Faculty Seminar Series–Economics and Computation: Inseparable Perspectives
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Most of my research career has been spent at the boundary of economics and computer science: bringing to bear economic principles on decentralized computation, and computational techniques on economic problems. Over time the interplay between these disciplines has grown in popularity, driven by Internet-Era research challenges as well as intellectual affinities between the fields. I argue that it is becoming untenable to ignore the economics of computation, or the computation in economics. This talk is an overview of the "econCS" enterprise, an attempt to motivate the problems addressed and survey the techniques and frameworks employed by researchers in this emerging community. It is heavily biased by my own research agenda and opinions.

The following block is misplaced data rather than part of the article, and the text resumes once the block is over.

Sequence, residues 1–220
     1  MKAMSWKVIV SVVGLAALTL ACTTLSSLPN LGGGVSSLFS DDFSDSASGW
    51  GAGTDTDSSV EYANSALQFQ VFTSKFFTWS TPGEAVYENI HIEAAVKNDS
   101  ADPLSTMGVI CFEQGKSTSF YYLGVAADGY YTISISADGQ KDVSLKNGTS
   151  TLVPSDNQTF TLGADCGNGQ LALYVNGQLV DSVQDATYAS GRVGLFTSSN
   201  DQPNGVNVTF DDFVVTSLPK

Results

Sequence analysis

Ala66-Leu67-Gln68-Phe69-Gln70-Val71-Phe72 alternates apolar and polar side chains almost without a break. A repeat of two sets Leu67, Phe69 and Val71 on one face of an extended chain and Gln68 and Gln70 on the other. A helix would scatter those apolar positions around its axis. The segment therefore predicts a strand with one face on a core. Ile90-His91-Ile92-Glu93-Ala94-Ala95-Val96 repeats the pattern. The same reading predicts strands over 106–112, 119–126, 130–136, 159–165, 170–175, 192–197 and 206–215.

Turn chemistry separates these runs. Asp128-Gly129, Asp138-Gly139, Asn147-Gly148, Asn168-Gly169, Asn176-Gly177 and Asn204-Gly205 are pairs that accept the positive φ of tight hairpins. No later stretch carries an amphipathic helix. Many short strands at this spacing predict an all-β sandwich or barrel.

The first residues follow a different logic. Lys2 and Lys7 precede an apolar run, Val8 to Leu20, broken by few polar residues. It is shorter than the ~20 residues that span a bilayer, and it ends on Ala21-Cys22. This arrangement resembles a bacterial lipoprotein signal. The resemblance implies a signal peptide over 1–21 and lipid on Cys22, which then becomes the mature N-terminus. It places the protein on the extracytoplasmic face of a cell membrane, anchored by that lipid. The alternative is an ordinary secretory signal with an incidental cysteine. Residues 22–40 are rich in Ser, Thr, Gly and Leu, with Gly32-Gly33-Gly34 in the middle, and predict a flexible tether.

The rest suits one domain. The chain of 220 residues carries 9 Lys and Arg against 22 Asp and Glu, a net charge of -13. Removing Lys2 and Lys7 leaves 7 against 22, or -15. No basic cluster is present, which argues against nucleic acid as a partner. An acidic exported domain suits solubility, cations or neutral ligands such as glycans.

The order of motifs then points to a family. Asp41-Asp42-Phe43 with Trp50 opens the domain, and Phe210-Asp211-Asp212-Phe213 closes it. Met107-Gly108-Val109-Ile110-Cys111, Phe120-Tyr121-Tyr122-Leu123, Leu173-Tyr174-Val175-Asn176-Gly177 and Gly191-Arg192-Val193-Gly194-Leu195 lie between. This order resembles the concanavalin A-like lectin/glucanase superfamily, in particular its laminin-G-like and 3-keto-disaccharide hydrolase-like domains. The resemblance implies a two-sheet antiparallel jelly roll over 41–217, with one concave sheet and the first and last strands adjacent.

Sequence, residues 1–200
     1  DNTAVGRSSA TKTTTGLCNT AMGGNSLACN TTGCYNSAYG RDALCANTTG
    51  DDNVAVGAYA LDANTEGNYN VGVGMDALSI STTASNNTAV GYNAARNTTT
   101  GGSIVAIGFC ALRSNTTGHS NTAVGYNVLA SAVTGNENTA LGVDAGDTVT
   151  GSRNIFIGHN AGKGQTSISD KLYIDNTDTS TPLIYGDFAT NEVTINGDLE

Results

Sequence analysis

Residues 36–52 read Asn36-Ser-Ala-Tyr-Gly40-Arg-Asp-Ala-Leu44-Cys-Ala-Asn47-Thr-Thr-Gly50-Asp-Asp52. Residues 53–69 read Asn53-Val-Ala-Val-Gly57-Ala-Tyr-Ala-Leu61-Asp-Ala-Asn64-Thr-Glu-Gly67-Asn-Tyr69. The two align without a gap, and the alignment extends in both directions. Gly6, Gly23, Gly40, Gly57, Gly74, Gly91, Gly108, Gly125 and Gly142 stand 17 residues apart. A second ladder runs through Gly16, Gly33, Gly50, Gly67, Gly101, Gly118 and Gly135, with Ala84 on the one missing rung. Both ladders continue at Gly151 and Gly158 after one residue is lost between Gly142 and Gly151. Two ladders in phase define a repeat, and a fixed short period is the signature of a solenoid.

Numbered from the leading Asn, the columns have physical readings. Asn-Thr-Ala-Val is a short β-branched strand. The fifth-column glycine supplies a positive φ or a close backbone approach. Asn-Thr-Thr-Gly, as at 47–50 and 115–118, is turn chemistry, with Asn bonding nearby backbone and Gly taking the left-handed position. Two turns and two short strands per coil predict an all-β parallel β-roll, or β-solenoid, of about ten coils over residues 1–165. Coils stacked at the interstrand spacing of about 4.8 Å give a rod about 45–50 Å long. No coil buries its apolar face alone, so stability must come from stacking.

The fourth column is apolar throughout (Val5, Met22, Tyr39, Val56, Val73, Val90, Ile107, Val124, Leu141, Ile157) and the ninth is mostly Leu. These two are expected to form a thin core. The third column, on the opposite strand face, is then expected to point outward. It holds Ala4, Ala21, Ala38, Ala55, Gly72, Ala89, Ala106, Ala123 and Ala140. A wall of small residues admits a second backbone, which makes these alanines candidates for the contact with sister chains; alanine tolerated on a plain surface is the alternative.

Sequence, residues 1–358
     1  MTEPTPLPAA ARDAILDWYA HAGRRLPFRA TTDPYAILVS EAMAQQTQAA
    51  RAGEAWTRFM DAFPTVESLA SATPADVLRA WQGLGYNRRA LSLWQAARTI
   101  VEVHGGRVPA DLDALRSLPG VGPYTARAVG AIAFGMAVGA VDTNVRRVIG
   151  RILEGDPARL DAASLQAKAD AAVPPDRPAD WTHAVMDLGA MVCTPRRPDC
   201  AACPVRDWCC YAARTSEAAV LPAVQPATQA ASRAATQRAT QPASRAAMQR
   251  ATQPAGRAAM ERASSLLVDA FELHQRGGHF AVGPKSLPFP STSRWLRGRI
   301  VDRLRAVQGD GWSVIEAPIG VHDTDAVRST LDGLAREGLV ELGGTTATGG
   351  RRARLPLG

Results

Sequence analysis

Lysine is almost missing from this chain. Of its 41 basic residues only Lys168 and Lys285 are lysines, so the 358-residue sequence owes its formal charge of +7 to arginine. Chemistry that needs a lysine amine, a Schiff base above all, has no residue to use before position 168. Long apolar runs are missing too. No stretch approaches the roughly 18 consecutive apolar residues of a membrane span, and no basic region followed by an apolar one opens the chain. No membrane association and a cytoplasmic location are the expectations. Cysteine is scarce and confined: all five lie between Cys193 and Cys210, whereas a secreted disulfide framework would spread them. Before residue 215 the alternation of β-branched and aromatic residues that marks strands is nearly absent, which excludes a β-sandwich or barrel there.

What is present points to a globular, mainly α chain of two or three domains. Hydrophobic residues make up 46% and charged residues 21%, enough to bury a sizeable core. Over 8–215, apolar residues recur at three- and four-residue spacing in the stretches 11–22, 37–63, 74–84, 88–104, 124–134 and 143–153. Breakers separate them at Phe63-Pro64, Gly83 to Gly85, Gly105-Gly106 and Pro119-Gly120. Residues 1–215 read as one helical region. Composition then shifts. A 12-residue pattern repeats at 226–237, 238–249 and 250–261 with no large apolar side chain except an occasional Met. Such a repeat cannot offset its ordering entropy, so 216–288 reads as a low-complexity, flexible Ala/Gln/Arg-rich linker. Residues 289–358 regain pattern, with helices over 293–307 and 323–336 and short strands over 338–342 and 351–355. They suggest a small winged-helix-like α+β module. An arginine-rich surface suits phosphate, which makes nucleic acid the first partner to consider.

Michael P. Wellman is Professor of Computer Science & Engineering at the University of Michigan. He received a PhD from the Massachusetts Institute of Technology in 1988 for his work in qualitative probabilistic reasoning and decision-theoretic planning. From 1988 to 1992, Wellman conducted research in these areas at the USAF's Wright Laboratory. For the past 19+ years, his research has focused on computational market mechanisms for distributed decision making and electronic commerce. As Chief Market Technologist for TradingDynamics, Inc. (now part of Ariba), he designed configurable auction technology for dynamic business-to-business commerce. Wellman previously served as Chair of the ACM Special Interest Group on Electronic Commerce (SIGecom), and as Executive Editor of the Journal of Artificial Intelligence Research. He is a Fellow of the Association for the Advancement of Artificial Intelligence and the Association for Computing Machinery.